The triboelectric effect can be used to convert mechanical energy into electrical energy. For example, triboelectric nanogenerators use repetitive contact and separation between two materials to continuously generate electricity. The amount of charge transfer depends on the properties of the materials, their surface roughness, pressure applied, speed of contact, temperature, and other factors. Materials are often optimized and designed in certain patterns to maximize the triboelectric effect.

Triboelectric energy harvesting has applications such as powering small electronic devices, sensors, and smart textiles. Walking or tapping on a triboelectric material can generate enough power through the triboelectric effect. Triboelectric sensors can detect touch, pressure, vibrations, and other mechanical stimuli based on the electrical signals produced through contact. Triboelectricity is considered a promising technology for mechanical energy harvesting, motion detection, and self-powered electronic systems.


Pyroelectricity refers to the ability of certain materials to generate an electric charge in response to changes in temperature. Some crystals, like tourmaline, are pyroelectric – meaning they can convert temperature fluctuations into electricity.

This phenomenon occurs because the atoms in pyroelectric materials lack symmetry, causing the material’s polarization to change with temperature. As the temperature rises and falls, the position of atoms shifts slightly within the crystal structure, altering the electric dipole moment. This leads to a flow of charge across the material, generating an electrical voltage.

Pyroelectricity has useful applications in devices that sense temperature changes, like infrared detectors. The electric signal produced can indicate the presence and strength of infrared radiation. Pyroelectric materials are also used to build sensors for intruder alarms, gas analyzers, laser guidance, and other automation systems. Additionally, waste heat can be converted into electricity through pyroelectric power generation.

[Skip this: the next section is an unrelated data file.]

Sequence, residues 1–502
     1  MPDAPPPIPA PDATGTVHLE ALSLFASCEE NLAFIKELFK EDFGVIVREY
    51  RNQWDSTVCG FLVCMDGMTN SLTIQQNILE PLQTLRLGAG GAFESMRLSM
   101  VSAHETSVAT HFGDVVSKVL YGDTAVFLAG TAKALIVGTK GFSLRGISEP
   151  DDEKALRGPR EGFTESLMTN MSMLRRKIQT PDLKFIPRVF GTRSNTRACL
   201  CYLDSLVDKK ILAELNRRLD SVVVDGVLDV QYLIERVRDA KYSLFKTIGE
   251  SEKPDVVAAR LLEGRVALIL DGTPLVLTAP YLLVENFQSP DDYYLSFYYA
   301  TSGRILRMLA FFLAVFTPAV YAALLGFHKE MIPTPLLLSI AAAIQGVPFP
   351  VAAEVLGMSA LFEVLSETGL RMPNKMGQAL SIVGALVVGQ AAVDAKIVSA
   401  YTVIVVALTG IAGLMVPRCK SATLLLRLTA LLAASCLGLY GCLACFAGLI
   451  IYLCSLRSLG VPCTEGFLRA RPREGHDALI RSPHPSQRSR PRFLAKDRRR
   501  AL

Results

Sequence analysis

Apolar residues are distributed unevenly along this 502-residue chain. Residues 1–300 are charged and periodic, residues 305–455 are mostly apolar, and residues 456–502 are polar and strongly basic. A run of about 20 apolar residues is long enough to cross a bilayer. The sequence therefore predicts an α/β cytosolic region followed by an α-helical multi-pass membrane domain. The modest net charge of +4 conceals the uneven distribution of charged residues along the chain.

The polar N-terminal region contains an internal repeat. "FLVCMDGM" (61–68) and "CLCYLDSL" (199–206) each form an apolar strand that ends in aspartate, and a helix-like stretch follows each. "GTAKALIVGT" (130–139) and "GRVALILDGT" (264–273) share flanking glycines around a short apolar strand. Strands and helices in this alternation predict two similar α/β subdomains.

Overall, pyroelectricity provides a means of transforming temperature variations directly into electrical energy. This phenomenon in certain crystals and materials can enable temperature sensing and energy harvesting applications.


Photovoltaics, also known as solar cells, convert sunlight directly into electricity using the photovoltaic effect. When sunlight hits the solar cell, photons are absorbed by the semiconductor material in the cell, causing electrons to break free from their atomic bonds. This generates pairs of free electrons and electron holes. The built-in electric field in the solar cell separates the electrons and holes before they can recombine, causing the electrons to flow in one direction and the holes in the opposite direction. This flow of electrons and holes is an electric current that can be captured and utilized before being fed back into the cell. Unlike other light-induced chemical reactions that produce an intermediate that then generates electricity, photovoltaics convert light into electricity directly without any intermediate reactions.


There are several chemical reactions that can produce electricity through different processes. Batteries produce electricity through oxidation-reduction reactions. Fuel cells convert the chemical energy from a fuel into electricity through electrochemical reactions. Bioelectrochemical systems use microorganisms to catalyze oxidation-reduction reactions to generate current. Thermocells convert heat into electricity using thermoelectric materials. Piezoelectric materials produce electricity from mechanical stress. Triboelectricity generates charge through friction. Pyroelectricity produces current due to temperature changes in certain materials. Photovoltaics convert light into electricity using the photoelectric effect in semiconductors.

The ability to produce electricity from chemical reactions has enabled the development of portable electronics, electric vehicles, large-scale power generation, and self-powered devices. Ongoing research aims to improve efficiency, reduce costs, and develop more sustainable materials for electrical energy generation via chemical reactions. More work is needed to scale up novel approaches like bioelectrochemical systems. Overall, harnessing chemical reactions for electricity production holds tremendous potential for meeting future energy needs in an increasingly electrified world.